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Sometimes life throws a wrench at you and you need to figure yourself out of a sticky situation. Having an emergency fund available for any unexpected expenses is a great way to provide peace of mind. The amount to save will vary depending on your lifestyle and your own finances. Here, I’m going to talk about how to save $3,000.
Establishing time frame is essential. If you don’t earn $3,000 per month it is going to be impossible to save that amount of money. 30 or even 60 days isn’t going to be reasonable for most people. For some, 3 or 6 months may not even be enough when trying to save that much money.
Establish A Time Frame
How long do you have to save $3,000? Obviously the longer period of time, the easier it is going to be to accomplish your goal. Is saving $3,000 possible in 30 days. It could probably be done and is going to highly depend on your expenses. Earning an extra $3,000 cash would be pretty tough to do in this time span. So let’s look at a couple of time spans that are much more reasonable.
Save $3,000 in 3 Months
This breaks down to just $1,000 per month. If you break it down into weeks, its $250 a week. That is much more doable.
Here are a couple ways you could get that done easily:
- Offer your friends babysitting for $15 an hour with a 2 hour minimum. In fact, give them some ideas on where they can go for their date night.
- Know someone going out of town? Offer to feed their pets or even pet sit at a reasonable rate.
- Pick up a part-time job. Even if it is minimum wage, it will get you closer to your goals and the benefit is.
Of course these numbers are how to earn cash, I cover ways to save further down in the post.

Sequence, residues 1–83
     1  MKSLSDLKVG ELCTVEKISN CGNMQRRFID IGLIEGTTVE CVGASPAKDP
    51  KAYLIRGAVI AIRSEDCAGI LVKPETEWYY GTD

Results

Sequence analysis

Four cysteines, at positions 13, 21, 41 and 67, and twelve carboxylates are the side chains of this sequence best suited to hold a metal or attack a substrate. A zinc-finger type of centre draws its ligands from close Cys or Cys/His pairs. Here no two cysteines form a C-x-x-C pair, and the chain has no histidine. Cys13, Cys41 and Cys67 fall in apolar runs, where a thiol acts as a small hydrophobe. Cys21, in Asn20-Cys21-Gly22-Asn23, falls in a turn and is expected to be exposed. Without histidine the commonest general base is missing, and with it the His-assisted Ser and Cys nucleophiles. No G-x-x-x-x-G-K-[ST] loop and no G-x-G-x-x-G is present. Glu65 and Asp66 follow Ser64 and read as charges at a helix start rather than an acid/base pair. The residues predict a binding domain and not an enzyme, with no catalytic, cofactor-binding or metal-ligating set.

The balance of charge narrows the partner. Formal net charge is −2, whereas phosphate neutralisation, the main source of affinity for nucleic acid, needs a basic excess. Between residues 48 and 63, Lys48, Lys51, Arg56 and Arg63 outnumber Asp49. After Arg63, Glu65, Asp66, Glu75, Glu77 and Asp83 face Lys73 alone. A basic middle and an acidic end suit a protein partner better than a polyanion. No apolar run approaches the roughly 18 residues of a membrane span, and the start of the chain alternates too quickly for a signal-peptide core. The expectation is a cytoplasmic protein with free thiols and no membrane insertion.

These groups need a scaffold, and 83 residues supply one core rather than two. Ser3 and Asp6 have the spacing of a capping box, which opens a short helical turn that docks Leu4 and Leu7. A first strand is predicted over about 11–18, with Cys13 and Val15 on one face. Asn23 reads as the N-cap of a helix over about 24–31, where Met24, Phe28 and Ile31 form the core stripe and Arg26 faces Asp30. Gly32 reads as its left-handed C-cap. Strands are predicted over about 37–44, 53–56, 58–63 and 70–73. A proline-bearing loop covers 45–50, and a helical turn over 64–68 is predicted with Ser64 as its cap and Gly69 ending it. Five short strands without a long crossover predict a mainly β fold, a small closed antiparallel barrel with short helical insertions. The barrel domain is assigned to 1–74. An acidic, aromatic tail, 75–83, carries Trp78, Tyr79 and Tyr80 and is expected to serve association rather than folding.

Save $3,000 in 6 Months
The more we can extend our saving goal, the more reasonable it becomes. If you give yourself six months to reach your savings goal, that means you only have to save $500 per month or roughly $125 per week.
The more we can extend our saving goal, the more reasonable it becomes.April Lee – Hassle Free Savings
Start looking closely at your expenditures. If you were to pull all of your bank statements and add up your transactions each week, how much do you usually spend? Can you cut that amount? If so, how?
Side hustles are still a great option at this stage. I wrote a post with ideas for side hustles for single moms but the ideas apply to anybody really.
Now, you don’t have to save it all in even increments. Maybe you save $50 this week and $32 next week but you pull in $250 helping your friends move next weekend. That’s OK, just keep plugging along, small amounts add up!
Save $3,000 in 12 Months
This goal is the easiest to attain of the three we mention here. Let’s see some different ways to slice this pie:
- Save $250 per month for 12 months
- Save $58 per week for 52 weeks
- Save $8.22 per day for $365 days
You see, when you break it down this way, the goal doesn’t seem so overwhelming.
Here are some ideas to meet this goal:
- Cut Groceries
- Make Your Coffee at Home
- Pack a Lunch for Work
- Eat at home before you go run errands.
- Always keep a granola bar or snack in your purse.
- Help curb overspending by designating at least 3 no-spend days per week
No matter which goal you choose, the key is to stay motivated. One great way to do that is to track your savings.
Track Your Savings
Whether you are saving cold hard cash or cutting expenses to save money, track your savings in a printable savings chart. Hang it on the fridge or the bathroom mirror. Somewhere you can look it in the face each day and see how close you are to achieving your goal. Every little bit helps.
This doesn’t have to be anything fancy. We’ve included the following money savings printables in our free resource library just for you. There are a few other money trackers that are great as well. Pick one that inspires you to want to color it in!
Free Printable $3,000 Savings Tracker
This free printable savings tracker is what we call a “medley” style tracker. You can fill it in any order. Simply color in the amount corresponding to the money saved. This can be money you earned and are saving in the bank account or money you saved by cutting bills or expenses. It is completely up to you! When the chart is full you have reached your $3,000 goal!
Free Printable Savings Thermometer